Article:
With very little to no running going on, there's been very little to nothing to report on. Following my latest calf strain, I took two full weeks off. (Fifteen days actually.) No running. Just a lot of icing and self-messaging. That time off brought the total to 68 off out of the last 122 days. Not a very good percentage.
Thankfully, I was able to resume some light running on July 18, but I wasn't particularly motivated. Strange, as you wold have thought I would be chomping at the bit to get back at it. I wasn't. I was disinterested in running. This feeling had me more worried than ay of my previous injuries. But, the more I thought about it, I realized that I wasn't disinterested in running, I was disinterested in the short, boring, road loops I was somewhat forced into running. I was mentally ready to get back to the real thing but was physically stuck with the 3-mile road circuits of Patriot Commons and the Suck Loop. Blah. Juggling family and work, it can be tricky to get our runs in, and I wasn't interested in putting in the mental energy to figure out the scheduling. As such, I only managed 9 miles that first week back. The second week back was more of the same, although I did up the mileage a bit to a whopping 19.25. And, I can't say I felt particularly frisky on any of those runs.
This past weekend, we took a short vacation to Baxter State Park. The change of scenery was exactly what I needed. While I didn't get out for a super, groovy run on the AT like D, I did get in some fun runs of my own. I knew going in that I would probably run more than I should, but in such a stellar location it's hard not to. I did keep myself in check, by not tackling any major mountain runs, but it certainly was tempting. We stayed in a cabin at Kidney Pond, and after we arrived on Sunday afternoon, I ran the park (all dirt) roads from Kidney to Daicey Pond and back.
I felt surprisingly good, and subconsciously let the pace drop down. Of course, I'd told D that I was only going out for 3 miles, but I don't think she believed me anyway. The pull of running out onto the dock at Daicey Pond before turning around was too much. Monday was a similar story, but this time, I planned a trail run. I explored the Doubletop Mountain and Slaughter Pond Trails.
The first mile on the Doubletop Mountain Trail was very rugged with a tricky stream crossing at the mile mark. From there, the trail became more runnable and really fun. Despite some incorrect/potentially misleading signage on the Slaughter Pond Trail, I reached the shores of Slaughter Pond and a canoe graveyard. Near the shore of the pond, which I learned is just outside the park boundary, were at least 30 canoes strewn about the forest. Nonetheless, the view from and of the pond was beautiful. On the way back, I had to ford a stream that was only about calf deep, so I squished the rest of the way back. And, from the "HUH?!" category, I picked up a pillow with a leopard print case about a half mile from the trailhead. How did that get here? Not knowing the terrain, I told D before I left that I'd be back in under an hour. Fifty-nine minutes and change counts as under an hour. On Tuesday, I wrapped up my runs in the park with an easy four miles on the park roads. My legs were a touch tired following the previous days' efforts, but nothing surprising or worrisome.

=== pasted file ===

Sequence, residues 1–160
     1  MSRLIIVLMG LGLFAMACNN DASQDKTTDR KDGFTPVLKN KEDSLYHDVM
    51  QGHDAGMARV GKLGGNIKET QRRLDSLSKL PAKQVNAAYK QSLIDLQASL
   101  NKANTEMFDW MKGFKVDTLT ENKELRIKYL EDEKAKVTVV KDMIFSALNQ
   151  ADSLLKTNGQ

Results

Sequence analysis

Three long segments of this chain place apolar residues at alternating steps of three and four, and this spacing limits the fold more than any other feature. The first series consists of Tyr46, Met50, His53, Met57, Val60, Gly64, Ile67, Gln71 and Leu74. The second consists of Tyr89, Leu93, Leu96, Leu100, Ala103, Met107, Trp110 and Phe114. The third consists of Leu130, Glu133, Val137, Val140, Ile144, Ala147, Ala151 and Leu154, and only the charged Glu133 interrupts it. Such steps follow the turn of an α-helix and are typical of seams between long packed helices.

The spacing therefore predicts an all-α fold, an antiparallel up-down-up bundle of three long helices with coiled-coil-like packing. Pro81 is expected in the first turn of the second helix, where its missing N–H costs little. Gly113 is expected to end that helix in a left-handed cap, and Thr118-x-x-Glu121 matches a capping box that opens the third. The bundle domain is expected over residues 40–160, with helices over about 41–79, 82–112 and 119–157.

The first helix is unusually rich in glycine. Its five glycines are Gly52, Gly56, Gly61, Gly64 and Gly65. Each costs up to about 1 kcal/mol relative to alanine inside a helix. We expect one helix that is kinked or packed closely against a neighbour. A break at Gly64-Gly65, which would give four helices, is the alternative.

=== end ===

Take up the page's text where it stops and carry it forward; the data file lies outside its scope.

Upon returning home, I wasn't sure what to expect on my next run. But, as it turned out, my run on Thursday was the best I've felt in quite a while as I cruised comfortably through the 5-mile Highland Green loop in 38:58. Forty minutes is a good barometer of how my legs are feeling, and this was a great sign. Last week, I felt terrible during a 41:33 tour of this loop, so this was a welcomed improvement. This evening, I did a 5-mile run over Mt. Ararat, summiting the mighty (read: not might at all) peak 10 times. Not a terrible run, but I didn't feel as spry as I would have liked. But, really, I shouldn't be complain. Plan is for another easy 5 miles tomorrow, which will get me to 30 for the week. Again, I'm easing back into things, so I'll take it. Something is bubbling just beneath the surface, so I'm feeling positive. Hopefully, it's not just gas.
My biggest concern right now (well, other than one of my calves exploding again) is my strength. With all that downtime, I feel as if I've lost all the pop in my legs. All that strength built up from snowshoe racing and training this winter is gone. I got nothing, and it's depressing. My plan is to run Mt. Ararat as much as possible to attempt to get it back. Hopefully, I don't have to wait for another snowshoe season.
On a positive note, my weight has stayed the same, which is a bit of a surprise. Well, not really. I've pretty much stop eating. My appetite is gone. That's the one thing that has remained from snowshoe season, so at least I won't have to work to get back that VO2 max advantage I gained, which means even though I feel like I'm starting from scratch, I'm starting from a better place.
Plan for MDI are still the same in that there is no plan. No other race plans, either. I have a long way to go before I set any goals. (If you believe any of those sentences, you've never met me.)